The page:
A Libyan rebel shoots in the air Sunday as he celebrates with others on a tank belonging to forces loyal to leader Moammar Gadhafi, on the outskirts of Benghazi, eastern Libya.
A Libyan rebel shoots in the air Sunday as he celebrates with others on a tank belonging to forces loyal to leader Moammar Gadhafi, on the outskirts of Benghazi, eastern Libya. Anja Niedringhaus/AP
Allied forces carried out a third night of airstrikes in Libya Monday, enforcing the U.N.-sanctioned no-fly zone to stop the advancement of forces loyal to Libyan leader Mohammar Gadhafi.
On today's Fresh Air, George Washington University political scientist Marc Lynch explains how the future of Libya has become a key part in the rapidly changing transformation of the Arab world — and why the United States and its allies decided to intervene.
"I think you see that an intervention ... could have really positive, regionwide effects — but if it goes wrong, it could actually bring all of this to a crashing halt," he says. "I think for the Arab world, you have one of these moments where there's a possibility of fundamental change."
In Egypt and Tunisia, the army's decision to not shoot on their own people emboldened the uprisings there, says Lynch. In Libya, where Gadhafi used brutal force in an attempt to quell dissent, the stakes are somewhat different.
"If Gadhafi survives, it sends a message to every dictator in the region that force pays — that the way to stay on the throne is to shoot your people if they protest and the international community really won't do anything about it," says Lynch. "And that sends a powerful message both to the dictators and to the people."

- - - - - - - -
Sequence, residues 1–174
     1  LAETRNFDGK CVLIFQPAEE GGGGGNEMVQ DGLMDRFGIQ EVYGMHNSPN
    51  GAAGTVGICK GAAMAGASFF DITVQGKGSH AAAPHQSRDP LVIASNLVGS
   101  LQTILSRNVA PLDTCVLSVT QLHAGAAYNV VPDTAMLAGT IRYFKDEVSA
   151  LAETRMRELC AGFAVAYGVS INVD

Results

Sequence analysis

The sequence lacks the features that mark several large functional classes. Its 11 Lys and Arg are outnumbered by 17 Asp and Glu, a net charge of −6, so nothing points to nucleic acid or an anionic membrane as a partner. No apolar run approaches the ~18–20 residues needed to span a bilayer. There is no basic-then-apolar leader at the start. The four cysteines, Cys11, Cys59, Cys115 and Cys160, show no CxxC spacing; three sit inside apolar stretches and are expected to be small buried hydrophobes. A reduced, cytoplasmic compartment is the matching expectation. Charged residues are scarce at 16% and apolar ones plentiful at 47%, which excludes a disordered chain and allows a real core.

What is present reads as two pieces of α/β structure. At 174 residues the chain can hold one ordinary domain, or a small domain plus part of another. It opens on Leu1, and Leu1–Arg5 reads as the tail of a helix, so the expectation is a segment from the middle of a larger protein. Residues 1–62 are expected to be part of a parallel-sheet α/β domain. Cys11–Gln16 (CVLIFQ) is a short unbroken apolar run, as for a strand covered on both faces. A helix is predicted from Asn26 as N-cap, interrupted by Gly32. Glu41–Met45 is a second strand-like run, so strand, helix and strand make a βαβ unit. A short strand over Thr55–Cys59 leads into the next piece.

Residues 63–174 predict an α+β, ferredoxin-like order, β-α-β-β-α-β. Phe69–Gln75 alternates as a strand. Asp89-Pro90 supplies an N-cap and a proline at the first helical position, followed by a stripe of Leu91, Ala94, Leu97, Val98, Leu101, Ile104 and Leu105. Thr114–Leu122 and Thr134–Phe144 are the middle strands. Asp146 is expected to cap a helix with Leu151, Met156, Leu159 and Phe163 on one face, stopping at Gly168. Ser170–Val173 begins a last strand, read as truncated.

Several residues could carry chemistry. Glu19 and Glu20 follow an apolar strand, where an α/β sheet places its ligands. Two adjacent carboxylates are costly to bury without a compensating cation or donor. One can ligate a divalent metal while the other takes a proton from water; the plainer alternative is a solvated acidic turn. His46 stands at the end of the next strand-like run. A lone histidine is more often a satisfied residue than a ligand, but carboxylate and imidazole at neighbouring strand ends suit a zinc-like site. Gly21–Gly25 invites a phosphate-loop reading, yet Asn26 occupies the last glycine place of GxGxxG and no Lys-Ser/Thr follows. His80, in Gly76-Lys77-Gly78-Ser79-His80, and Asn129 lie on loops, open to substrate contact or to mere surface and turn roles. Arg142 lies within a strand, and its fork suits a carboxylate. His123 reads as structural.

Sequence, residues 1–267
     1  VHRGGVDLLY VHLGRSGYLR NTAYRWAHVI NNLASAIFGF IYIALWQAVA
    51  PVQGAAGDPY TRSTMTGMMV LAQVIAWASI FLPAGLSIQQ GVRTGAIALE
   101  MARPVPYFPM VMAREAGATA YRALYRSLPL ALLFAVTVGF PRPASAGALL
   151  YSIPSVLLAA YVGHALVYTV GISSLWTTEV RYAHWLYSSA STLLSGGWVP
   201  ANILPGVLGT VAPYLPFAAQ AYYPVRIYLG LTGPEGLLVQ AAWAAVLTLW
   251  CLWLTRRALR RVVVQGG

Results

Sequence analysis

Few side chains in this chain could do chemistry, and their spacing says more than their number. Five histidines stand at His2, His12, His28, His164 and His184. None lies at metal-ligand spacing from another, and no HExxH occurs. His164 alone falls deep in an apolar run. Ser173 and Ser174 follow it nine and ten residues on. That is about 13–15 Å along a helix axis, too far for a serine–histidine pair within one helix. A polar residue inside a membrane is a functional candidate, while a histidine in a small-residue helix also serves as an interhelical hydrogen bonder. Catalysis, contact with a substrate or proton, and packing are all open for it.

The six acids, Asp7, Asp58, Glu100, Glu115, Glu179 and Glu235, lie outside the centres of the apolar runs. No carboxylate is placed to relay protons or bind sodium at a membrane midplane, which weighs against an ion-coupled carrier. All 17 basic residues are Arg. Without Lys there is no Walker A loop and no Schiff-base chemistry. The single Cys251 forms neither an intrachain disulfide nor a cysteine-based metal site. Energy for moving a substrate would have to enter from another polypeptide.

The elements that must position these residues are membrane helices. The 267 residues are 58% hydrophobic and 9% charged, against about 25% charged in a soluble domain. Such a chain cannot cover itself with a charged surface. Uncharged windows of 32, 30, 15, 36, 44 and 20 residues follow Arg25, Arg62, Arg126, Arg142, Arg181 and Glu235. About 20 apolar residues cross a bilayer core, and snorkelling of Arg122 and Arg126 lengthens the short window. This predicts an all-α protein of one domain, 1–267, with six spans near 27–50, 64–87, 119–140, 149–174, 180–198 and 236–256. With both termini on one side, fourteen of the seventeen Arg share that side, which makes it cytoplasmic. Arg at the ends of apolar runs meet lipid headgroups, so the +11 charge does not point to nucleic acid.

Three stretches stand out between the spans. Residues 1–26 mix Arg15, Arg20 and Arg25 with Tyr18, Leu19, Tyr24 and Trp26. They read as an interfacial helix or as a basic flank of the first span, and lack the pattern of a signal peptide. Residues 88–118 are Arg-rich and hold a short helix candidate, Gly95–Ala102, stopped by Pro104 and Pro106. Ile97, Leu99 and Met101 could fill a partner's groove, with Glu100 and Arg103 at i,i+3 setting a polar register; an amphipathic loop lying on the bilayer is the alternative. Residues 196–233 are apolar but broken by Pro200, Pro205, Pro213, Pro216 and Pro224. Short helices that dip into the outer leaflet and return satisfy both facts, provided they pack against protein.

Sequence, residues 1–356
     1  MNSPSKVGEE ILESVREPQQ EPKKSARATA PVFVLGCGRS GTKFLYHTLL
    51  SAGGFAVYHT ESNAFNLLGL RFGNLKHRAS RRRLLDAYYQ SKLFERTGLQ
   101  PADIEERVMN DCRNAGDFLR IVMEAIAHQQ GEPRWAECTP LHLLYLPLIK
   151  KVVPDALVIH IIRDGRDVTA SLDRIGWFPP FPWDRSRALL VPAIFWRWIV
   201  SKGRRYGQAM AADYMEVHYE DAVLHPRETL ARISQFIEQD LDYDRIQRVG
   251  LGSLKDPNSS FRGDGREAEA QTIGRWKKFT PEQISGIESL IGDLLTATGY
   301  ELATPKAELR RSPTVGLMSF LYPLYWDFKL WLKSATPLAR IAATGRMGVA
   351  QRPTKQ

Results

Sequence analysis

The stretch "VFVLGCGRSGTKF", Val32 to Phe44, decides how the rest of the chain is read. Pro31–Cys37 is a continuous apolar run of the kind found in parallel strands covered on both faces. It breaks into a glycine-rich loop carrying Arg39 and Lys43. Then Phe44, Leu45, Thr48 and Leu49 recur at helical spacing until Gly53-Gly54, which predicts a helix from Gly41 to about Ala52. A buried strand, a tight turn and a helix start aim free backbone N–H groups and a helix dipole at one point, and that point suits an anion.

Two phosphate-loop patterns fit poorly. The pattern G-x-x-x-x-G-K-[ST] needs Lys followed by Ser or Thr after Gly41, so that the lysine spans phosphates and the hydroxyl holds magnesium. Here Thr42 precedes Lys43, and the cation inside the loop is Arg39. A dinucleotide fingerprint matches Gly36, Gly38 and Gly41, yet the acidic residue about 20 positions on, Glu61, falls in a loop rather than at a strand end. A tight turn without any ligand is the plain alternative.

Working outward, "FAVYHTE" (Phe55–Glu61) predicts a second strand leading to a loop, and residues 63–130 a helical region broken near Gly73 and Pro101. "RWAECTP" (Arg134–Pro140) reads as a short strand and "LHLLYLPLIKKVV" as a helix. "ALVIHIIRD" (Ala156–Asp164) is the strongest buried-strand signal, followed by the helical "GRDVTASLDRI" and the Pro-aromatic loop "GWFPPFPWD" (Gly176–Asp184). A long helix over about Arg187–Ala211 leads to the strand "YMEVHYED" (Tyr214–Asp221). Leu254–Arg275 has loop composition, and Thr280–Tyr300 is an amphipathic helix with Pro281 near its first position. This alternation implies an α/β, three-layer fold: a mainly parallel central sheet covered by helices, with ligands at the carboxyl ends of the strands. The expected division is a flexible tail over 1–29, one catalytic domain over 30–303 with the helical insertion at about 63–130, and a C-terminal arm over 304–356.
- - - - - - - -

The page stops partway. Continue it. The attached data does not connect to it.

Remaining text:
But even with an intervention, there are major risks, says Lynch, and the outcome may not necessarily be a good one.
"We're not in the realm of good choices. There are no good choices here," he says. "I think what we're seeing is an attempt to salvage something from a bad situation. But whether we intervene or don't intervene, it's going to be a bad situation."
Marc Lynch is the director of the Institute for Middle East Studies and the Middle East Studies program at George Washington University, where he teaches classes on the region's politics and international relations. He is also a non-senior resident at the Center for a New American Security and the author of Voices of the New Arab Public: Al-Jazeera, Iraq and Middle East Politics Today and State Interest and Public Spheres: The International Politics of Jordan's Identity. He blogs about the Middle East for Foreign Policy.